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Retreat hosted for parents of deaf Rio Grande Valley students

Retreat hosted for parents of deaf Rio Grande Valley students

January 20, 2013

by Jacqueline Armendariz

McALLEN — Rio Grande Valley parents of deaf children learned how to navigate growing up in a world with little or no sound on Saturday at Brown Middle School.

Students of the Regional Day School Program for the Deaf (RDSPD), under the McAllen school district, spent the day socializing outside of school at a retreat hosted by the program. A group of 25 parents also heard from different speakers and attended classes on a range of topics: from child-friendly cooking recipes and how to communicate about puberty to the technology of cochlear implants and life for deaf young adults.

Rebecca Villarreal, RDSPD supervisor, said 90 percent of parents with a deaf child are able to hear, making adapting even more difficult at times.

“It’s usually their first experience with deafness, so they need a lot of support, a lot of training to be able to make the best choices for their child educationally,” she said.

The RDSPD, part of the McAllen school district’s special education department, serves 19 school districts, including Roma all the way to La Feria, Villarreal said. Its 140 students attend one three campuses: Escandon Elementary, Brown Middle School and Memorial High School.

Liza Lara, RDSPD assistant principal, said most people don’t consider that learning without sound has an effect on a child’s education.

“It’s very different world,” she said.

A significant shift from American Sign Language to Signed Exact English is also underway, she said, making educating parents all the more crucial. The latter calls for a sign for each word in a sentence, rather than communicating a general concept, she said.

Veronica Gomez attended the retreat representing Texas Hands and Voices, a support group for parents. She said the opportunity for parents to listen to speakers and for students to see others like them who’ve been successful in school, such as Rochester Institute of Technology 2012 graduate Eric Cardenas, was important. Cardenas graduated from RDSPD in 2006.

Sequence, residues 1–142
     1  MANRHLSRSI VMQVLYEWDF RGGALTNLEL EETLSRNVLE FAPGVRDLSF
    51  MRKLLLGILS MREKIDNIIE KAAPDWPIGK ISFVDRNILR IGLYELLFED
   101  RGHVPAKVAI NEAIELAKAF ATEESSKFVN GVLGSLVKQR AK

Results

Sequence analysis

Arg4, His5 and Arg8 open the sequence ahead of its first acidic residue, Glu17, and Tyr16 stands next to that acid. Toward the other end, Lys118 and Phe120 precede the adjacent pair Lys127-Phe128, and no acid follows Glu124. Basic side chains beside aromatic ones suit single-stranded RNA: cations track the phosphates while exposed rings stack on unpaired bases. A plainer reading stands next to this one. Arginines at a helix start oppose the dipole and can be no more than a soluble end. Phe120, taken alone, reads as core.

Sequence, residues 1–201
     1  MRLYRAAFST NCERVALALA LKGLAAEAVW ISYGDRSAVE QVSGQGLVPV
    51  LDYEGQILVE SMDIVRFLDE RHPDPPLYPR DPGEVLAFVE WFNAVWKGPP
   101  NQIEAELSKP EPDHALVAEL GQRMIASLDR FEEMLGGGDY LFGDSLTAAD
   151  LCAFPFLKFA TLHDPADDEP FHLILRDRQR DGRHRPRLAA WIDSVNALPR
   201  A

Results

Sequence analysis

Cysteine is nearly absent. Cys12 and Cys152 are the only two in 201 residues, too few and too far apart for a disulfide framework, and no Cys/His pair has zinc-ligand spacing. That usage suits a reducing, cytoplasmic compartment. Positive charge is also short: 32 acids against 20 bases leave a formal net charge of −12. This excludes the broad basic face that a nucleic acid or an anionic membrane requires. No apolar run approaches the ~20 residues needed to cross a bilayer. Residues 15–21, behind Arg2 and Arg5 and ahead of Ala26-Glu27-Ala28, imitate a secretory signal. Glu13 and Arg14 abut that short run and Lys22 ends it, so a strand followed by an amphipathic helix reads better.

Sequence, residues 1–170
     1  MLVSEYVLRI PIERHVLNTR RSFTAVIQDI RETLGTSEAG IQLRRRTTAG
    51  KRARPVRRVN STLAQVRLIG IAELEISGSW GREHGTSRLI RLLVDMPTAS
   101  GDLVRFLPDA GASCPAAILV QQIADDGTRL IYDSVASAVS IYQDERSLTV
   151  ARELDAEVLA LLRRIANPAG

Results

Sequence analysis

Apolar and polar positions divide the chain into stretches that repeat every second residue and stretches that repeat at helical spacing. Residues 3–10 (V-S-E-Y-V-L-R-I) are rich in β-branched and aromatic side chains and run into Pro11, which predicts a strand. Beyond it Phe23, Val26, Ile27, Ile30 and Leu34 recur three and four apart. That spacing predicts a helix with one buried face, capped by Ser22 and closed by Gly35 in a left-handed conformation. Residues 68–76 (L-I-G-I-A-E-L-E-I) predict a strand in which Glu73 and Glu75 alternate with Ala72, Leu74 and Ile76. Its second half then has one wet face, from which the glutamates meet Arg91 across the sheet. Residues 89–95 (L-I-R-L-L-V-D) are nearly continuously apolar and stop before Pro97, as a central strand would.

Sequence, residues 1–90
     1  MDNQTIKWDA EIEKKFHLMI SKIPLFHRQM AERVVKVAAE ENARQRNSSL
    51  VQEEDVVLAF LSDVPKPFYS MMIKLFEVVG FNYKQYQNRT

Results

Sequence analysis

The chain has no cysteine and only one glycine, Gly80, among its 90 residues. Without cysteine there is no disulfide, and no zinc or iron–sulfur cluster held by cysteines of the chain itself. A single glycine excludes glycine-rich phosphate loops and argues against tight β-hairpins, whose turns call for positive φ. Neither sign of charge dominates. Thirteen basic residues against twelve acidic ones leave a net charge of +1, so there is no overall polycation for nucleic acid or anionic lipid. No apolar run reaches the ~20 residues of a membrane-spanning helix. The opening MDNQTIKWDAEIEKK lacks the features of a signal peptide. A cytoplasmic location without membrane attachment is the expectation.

“This is something that we needed,” Gomez said.

Her son Gabe, a 13-year-old seventh grader, and her daughter Victoria, a 9-year-old fourth grader, are both deaf while she and her husband are able to hear. She calls the experience of parenting deaf children a journey and admits it was difficult at first.

“With my son I was in denial the whole time,” she said. “I thought that this couldn’t happen to me. … I was depressed for a very long time, but as soon as I realized that I had to be there for my son, it was like ‘Game on. Let’s do what we have to do.’”

The mother of two said she wants her children to experience life, perhaps even attend Gallaudet University in Washington, D.C., a school for the deaf. She encouraged other parents to be proactive in helping their deaf children as well as finding support and sharing their experiences to realize they’re not alone.

Most of all, Gomez said she wants something better for her children.

“That’s why I’m here today,” she said. “Our kids are different. Yes, they are, but don’t treat them any different. They’re deaf, but they’re not disabled. Give them a chance.”

SOURCE:

http://www.themonitor.com/news/local/article_c79bd97c-62a0-11e2-813b-001a4bcf6878.html

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